Vibrato for Beginners

By Brian J Kane

Vibrato is the most common note inflection in music. Even though vibrato is extremely common, student musicians often find that generating a consistent and steady vibrato is quite challenging. The following exercises will help you generate and gain control over your vibrato. strive to make vibrato a habit. The use of consistent quality vibrato will make you sound more musical, emotional, and mature.

Step 1:  What is Vibrato?

Vibrato is a rapid pulsation of pitch that is used as an inflection on a note.  There are many ways to play vibrato.   

  • Diaphragm or Throat Vibrato occurs when a musician uses his or her air stream to produce controlled pitch pulsations.
  • Slide Vibrato occurs on trombone when a musician uses small slide movements to produce controlled pitch pulsations.
  • Finger Vibrato occurs on valve instruments when movement of the right hand above the valves creates actual movement of the instrument producing controlled pitch pulsations.
  • Lip Vibrato occurs on many wind instruments when  tiny embouchure movements create controlled pitch pulsations.

I teach, recommend, and use lip vibrato on saxophone.  I  recommend lip vibrato because over the years my students have found it easy to learn and control. Feel free to choice any type of vibrato that is suitable to your instrument.  

Step 2:  Generating a Lip Vibrato

On saxophone, generating a quality vibrato can be as easy as speaking.  I prefer to teach students using word phrases to help them remember key concepts.

  1. Say "Doo-woo-woo-woo-woo" etc.  The "Doo" sound is the legato articulation that begins the note.  Many wind  players prefer to use a "T" sound for articulations.  If you prefer to use "T" sounds for articulations, say "Too-woo-woo-woo" etc. The "woo" sound represents the physical motion that your embouchure will make to generate vibrato. The motion is small but rhythmically consistent. When you attempt to play vibrato, do not actually say ANTHING! Your vocal chords are not used.  Simply use your lips to imitate the sound of "Doo-woo-woo-woo-woo" etc. or "Too-woo-woo-woo" etc.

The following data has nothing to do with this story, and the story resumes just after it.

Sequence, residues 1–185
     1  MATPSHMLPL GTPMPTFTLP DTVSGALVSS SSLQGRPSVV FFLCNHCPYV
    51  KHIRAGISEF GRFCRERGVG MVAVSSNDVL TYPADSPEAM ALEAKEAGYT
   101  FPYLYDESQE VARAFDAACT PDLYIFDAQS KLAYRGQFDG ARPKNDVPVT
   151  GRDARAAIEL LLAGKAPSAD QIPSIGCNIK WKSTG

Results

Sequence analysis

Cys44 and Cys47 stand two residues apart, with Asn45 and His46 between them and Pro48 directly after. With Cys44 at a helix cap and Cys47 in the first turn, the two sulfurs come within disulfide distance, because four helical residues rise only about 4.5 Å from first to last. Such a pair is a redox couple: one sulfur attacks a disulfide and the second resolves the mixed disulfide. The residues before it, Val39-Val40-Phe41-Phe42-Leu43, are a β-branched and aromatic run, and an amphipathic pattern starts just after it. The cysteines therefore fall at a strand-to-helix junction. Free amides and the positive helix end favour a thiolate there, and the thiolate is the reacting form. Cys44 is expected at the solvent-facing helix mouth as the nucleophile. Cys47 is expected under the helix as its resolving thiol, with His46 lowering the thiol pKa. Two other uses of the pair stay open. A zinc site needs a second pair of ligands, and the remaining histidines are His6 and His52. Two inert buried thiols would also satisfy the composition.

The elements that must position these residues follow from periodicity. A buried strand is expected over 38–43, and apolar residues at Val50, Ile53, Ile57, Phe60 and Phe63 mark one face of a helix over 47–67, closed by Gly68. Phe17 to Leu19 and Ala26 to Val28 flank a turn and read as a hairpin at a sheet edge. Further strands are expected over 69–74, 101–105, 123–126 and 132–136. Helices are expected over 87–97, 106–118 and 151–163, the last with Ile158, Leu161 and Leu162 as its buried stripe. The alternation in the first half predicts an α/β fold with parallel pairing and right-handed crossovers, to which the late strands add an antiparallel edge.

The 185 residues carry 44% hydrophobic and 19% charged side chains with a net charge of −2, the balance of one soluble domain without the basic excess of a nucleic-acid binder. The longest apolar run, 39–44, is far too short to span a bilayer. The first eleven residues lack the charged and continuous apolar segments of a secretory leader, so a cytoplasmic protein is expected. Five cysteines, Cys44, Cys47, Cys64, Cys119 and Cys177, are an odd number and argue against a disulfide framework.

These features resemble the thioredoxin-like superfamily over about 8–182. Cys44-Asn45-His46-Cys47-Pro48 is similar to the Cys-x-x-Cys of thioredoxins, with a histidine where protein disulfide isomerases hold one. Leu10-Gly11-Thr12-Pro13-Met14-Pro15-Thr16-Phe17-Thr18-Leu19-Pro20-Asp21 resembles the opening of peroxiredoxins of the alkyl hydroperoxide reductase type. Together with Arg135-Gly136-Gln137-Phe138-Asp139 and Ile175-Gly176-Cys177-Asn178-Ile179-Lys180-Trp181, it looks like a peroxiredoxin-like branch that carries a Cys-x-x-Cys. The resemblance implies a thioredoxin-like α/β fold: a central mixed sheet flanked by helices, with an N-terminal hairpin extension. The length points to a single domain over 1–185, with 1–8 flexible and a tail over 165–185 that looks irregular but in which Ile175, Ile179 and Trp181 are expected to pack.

2. Practice holding out long sustained notes and while pulsating the pitch. Don't worry about controlling the rhythmic pulsations yet, just get used to the feeling.  
  3. Experiment with using vibrato in different registers of the instrument. It can feel quite different in the low register versus the high register

Step 3:  Controlling Vibrato

It is essential to view vibrato in the context of rhythms. Play the following exercises on your instrument first using a legato articulation.  Once you're comfortable with the rhythms remove the legato articulation and sustain a single long note while pulsating vibrato in the rhythms given.  

Step 4:  Which Rhythmic Feel Do I Use For Vibrato?

There are some general guidelines to choosing the type of vibrato used in compositions.  

  • Jazz and Swing- tend to use a triplet or eighth note vibrato. Vibrato tends to sound slightly "looser" with less even pitch pulsations.
  • Classical- Tend to use an eighth note or a sixteenth note vibrato.  In these styles the vibrato tends to be more regulated with more even pitch pulsations.

Using vibrato is one of the many ways that musicians express  emotion through their playing.   The most important guideline to follow when using vibrato is to make sure that it sounds good!  Feel free to take liberties with rhythmic feel and the velocity of vibrato if it reflects how you feel and sounds good.

Step 5: When Do I Play Vibrato?

When you're first learning to use vibrato and make it habit, I suggest using it virtually all of the time.  Here are the  guidelines I give my students. 

Use Vibrato when...

  • The note is held 2 beats or longer
  • The note occurs at the end of a phrase, is not short, and is followed by a rest.
  • Any other place where you feel it might be appropriate

Step 6:  How do I make Vibrato a Habit?

The greatest challenge that a student musicians faces when  learning vibrato is remembering to use it.  Often, student musicians are overwhelmingly focused on playing the correct notes and rhythms.  The simple way to ensure that vibrato becomes a habit is to WRITE IT IN EVERYWHERE IT WILL BE PLAYED!

First, decide what type of vibrato you'll use.  Will it be  triplets, or eighth notes, or sixteenth notes, or a combination  At the top of the composition that you're playing write the name of the type of vibrato that you're going to play. Then, write in  where you're going to play the vibrato in the composition.  You  can write the word "Vibrato" over the appropriate notes or you  can just draw a squiggly line to help you remember.  When you're sight reading and learning new music you will not  remember to play vibrato if you don't write it down!  Writing down information is the best way to create a habit.  Eventually, you will automatically play vibrato in the appropriate places  without even thinking about it.  But until that time, WRITE IT DOWN.

Good luck with this beginners guide to vibrato.  Practice hard!

Brian J Kane is a jazz educator and saxophonist in the Boston area.  He is the author of the Jazz Style and Technique Workbook for Saxophone and the Creative Jazz Sight Reading Workbook available for all instruments. He is presently working on a series of workbooks for melodic improvisational techniques. He can be reached at